54. Brown TT, Qaquish RB. Antiretroviral therapy and the prevalence of osteopenia and osteoporosis: a meta-analytic review. AIDS. 20:2165-74, 2006.
  55. Cazanave C, Dupon M, Lavignolle-Aurillac V, et al. Reduced bone mineral density in HIV-infected patients: prevalence and associated factors. AIDS. 22:395-402, 2008.
  56. Brown TT, McComsey GA, King MS, et al. Loss of bone mineral density after antiretroviral therapy initiation, independent of antiretroviral regimen. J Acuir Immune Defic Syndr. 51:554-61, 2009.
  57. Grund B, Peng G, Gibert CL, et al. Continuous antiretroviral therapy decreases bone mineral density. AIDS. 23:1519-29, 2009.
  58. Fux CA, Rauch A, Simcock M, et al. Tenofovir use is associated with an increase in serum alkaline phosphatase in the Swiss HIV Cohort Study. Antivir Ther. 13:1077-82, 2008.
  59. Kinai E, Hanabusa H. Progressive renal tubular dysfunction associated with long-term use of tenofovir DF. AIDS Res Hum Retroviruses. 25:387-94, 2009.
  60. Borderi M, Gibellini D, Vescini F, et al. Metabolic bone disease in HIV infection. AIDS. 23:1297-1310, 2009.
  61. European AIDS Clinical Society (EACS) Guidelines. Version 9.1 - October 2018 (
  62. Mollan KR, Smurzynski M, Eron JJ, et al. Association between efavirenz as initial therapy for HIV-1 infection and increased risk for suicidal ideation or attempted or completed suicide: an analysis of trial data. Ann Intern Med, 161:1-10, 2014.
  63. Gatanaga H, Hayashida T, Tsuchiya K, et al. Successful efavirenz dose reduction in HIV type 1-infected individuals with cytochrome P450 2B6 *6 and *26. Clin Infect Dis. 45:1230-7, 2007.
  64. de Boer MG, van den Berk GE, van Holten N, et al. Intolerance of dolutegravir-containing combination antiretroviral therapy regimens in real-life clinical practice. AIDS. 30(18):2831-4.2016
  65. Hoffmann C, Welz T, Sabranski M, et al. Higher rates of neuropsychiatric adverse events leading to dolutegravir discontinuation in women and older patients. HIV Med. 18(1):56-63.2017
  67. Yagura H, Watanabe D, Kushida H, et al. Impact of UGT1A1 gene polymorphisms on plasma dolutegravir trough concentrations and neuropsychiatric adverse events in Japanese individuals infected with HIV-1. BMC Infect Dis.17(1):622.2017
  68. McComsey G. and Lonergan JT. Mitochondrial Dysfunction: Patient Monitoring and Toxicity Management. J Acquir Immune Defic Syndr. 37:S30-S35, 2004.
  69. John M, Moore CB, James IR, et al. Chronic hyperlactatemia in HIV-infected patients taking antiretroviral therapy. AIDS. 15:717-23, 2001.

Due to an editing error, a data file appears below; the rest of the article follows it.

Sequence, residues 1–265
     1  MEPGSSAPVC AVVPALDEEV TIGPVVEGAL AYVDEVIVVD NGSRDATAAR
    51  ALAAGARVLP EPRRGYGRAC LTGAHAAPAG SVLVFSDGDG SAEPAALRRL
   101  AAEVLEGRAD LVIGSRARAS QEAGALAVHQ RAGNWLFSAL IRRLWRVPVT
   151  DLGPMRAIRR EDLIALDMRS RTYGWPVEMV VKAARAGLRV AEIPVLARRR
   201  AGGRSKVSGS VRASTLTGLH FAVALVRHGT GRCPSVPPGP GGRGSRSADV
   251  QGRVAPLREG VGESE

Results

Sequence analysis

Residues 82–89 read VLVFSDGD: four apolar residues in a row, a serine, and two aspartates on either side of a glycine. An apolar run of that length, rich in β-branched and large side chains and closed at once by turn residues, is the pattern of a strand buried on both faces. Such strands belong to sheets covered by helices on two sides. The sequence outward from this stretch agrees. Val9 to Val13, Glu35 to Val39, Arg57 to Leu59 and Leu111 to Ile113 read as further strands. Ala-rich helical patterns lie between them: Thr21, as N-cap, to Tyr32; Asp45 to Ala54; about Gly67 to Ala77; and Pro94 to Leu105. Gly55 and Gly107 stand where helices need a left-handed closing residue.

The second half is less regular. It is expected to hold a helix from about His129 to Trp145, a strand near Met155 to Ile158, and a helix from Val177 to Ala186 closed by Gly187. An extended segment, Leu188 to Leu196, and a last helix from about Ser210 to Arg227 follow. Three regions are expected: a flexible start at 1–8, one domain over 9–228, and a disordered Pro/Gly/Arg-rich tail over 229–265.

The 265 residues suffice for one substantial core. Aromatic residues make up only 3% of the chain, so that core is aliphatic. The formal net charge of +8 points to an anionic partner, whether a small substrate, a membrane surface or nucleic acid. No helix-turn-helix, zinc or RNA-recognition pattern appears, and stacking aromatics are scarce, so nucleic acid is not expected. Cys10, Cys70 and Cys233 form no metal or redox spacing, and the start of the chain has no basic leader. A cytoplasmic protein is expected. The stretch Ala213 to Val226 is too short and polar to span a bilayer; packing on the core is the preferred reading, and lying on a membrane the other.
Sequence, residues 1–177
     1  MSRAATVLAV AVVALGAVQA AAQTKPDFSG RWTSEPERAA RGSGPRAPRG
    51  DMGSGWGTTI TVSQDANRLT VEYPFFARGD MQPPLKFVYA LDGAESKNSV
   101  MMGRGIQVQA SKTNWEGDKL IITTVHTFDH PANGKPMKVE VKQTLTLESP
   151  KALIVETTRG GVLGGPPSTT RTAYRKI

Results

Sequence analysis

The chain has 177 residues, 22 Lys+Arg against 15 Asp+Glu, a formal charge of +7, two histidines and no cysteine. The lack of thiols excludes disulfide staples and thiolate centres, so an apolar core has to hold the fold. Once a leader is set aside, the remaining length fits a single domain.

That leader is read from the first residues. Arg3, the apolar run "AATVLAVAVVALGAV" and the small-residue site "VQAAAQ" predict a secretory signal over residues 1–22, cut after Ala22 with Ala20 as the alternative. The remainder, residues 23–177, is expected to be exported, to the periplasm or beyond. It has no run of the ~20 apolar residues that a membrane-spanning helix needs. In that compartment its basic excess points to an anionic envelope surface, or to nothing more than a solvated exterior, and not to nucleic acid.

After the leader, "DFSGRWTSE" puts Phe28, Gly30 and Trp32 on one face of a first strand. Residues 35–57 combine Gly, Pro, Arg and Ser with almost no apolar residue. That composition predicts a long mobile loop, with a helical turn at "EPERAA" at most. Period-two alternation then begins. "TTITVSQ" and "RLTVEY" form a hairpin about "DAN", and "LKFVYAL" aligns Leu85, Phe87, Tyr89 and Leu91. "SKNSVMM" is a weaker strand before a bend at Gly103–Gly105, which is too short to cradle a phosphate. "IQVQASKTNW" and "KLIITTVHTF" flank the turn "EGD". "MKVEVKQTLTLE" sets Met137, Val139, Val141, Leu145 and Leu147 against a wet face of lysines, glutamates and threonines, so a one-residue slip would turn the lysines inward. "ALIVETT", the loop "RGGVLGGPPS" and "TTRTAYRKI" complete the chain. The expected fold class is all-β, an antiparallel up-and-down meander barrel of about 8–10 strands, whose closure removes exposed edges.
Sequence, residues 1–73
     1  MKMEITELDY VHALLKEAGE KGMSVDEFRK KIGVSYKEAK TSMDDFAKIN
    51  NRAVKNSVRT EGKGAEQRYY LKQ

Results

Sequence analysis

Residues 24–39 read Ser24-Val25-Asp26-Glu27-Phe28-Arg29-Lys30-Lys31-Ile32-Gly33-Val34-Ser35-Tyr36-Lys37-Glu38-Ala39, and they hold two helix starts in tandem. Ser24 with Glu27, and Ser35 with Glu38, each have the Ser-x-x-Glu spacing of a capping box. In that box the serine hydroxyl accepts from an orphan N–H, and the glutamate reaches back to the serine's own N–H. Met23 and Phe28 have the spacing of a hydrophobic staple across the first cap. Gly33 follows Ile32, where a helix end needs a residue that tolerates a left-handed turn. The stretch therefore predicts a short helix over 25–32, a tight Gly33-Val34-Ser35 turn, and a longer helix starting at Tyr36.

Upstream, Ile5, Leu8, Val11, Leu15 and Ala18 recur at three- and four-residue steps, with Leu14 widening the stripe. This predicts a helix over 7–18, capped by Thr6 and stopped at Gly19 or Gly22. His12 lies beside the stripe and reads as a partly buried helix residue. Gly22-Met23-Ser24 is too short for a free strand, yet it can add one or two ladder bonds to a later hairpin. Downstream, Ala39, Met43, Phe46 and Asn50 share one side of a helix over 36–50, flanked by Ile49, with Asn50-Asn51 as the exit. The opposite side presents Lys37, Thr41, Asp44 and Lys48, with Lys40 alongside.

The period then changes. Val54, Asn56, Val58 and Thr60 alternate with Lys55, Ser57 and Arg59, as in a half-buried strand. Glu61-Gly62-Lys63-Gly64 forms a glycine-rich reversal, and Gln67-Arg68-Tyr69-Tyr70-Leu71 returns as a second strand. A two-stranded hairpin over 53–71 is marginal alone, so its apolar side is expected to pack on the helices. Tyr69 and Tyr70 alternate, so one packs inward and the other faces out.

70. A Arenas-Pinto, AD Grant, S Edwards, et al. Lactic acidosis in HIV infected patients: a systematic review of published cases. Sex Transm Infect. 79:340-3, 2003.
  71. HIV Neuromuscular Syndrome Study Group. HIV-associated neuromuscular weakness syndrome. AIDS. 18:1403-12, 2004.
  72. Schambelan M, Benson CA, Carr A, et al; International AIDS Society-USA. Management of metabolic complications associated with antiretroviral therapy for HIV-1 infection: recommendations of an International AIDS Society-USA panel. J Acquir Immune Defic Syndr. 31:257-75, 2002.
  73. Carr A, Samaras K, Chisholm DJ, et al. Pathogenesis of HIV-1-protease inhibitor-associated peripheral lipodystrophy, hyperlipidemia and insulin resistance. Lancet. 351:1881-3, 1998.
  74. Miller KD, Jones E, Yanovski JA, et al. Visceral abdominal-fat accumulation associated with use of indinavir. Lancet. 351:871-5, 1998.
  75. McComsey GA, Ward DJ, Hessenthaler SM, et al. Improvement in lipoatrophy associated with highly active antiretroviral therapy in human immunodeficiency virus-infected patients switched from stavudine to abacavir or zidovudine: the results of the TARHEEL study. Clin Infect Dis. 38: 263-70, 2004.
  76. McComsey GA, Kitch D, Sax PE, et al. Peripheral and central fat changes in subjects randomized to abacavir-lamivudine or tenofovir-emtricitabine with atazanavir-ritonavir or efavirenz: ACTG Study A5224s. Clin Infect Dis. 53(2):185-96.2011
  77. Kikuchi Y, Genka I, Ishizaki A, et al. Serious Bradyarrhythmia That Was Possibly Induced by Lopinavir-Ritonavir in 2 Patients with Acquired Immunodeficiency Syndrome. Clin Infect Dis. 35(4), 488-90, 2002.
  78. Zembower TR, Gerzenshtein L, Coleman K, et al. Severe rhabdomyolysis associated with raltegravir use. AIDS. 22(11):1382-4, 2008.
  79. Madeddu G, De Socio GV, Ricci E, et al. Muscle symptoms and creatine phosphokinase elevations in patients receiving raltegravir in clinical practice: Results from the SCOLTA project long-term surveillance. Int J Antimicrob Agents. 45(3):289-94, 2015.
  80. Rakotondravelo S, Poinsignon Y, Borsa-Lebas F, et al. Complicated atazanavir-associated cholelithiasis: a report of 14cases. Clin Infect Dis. 55(9):1270-2, 2012.
  81. Nishijima T, Shimbo T, Komatsu H, et al. Cumulative exposure to ritonavir-boosted atazanavir is associated with cholelithiasis in patients with HIV-1 infection. J Antimicrob Chemother. 69(5):1385-9,2014.
  82. Zash R, Holmes L, Makhema J, et al. Surveillance for neural tube defects following antiretroviral exposure from conception. Presented at: 22nd International AIDS Conference. 2018. Amsterdam.
  83. Zash R, Makhema J, Shapiro RL. Neural-tube defects with dolutegravir treatment from the time of conception. N Engl J Med.379(10):979-81.2018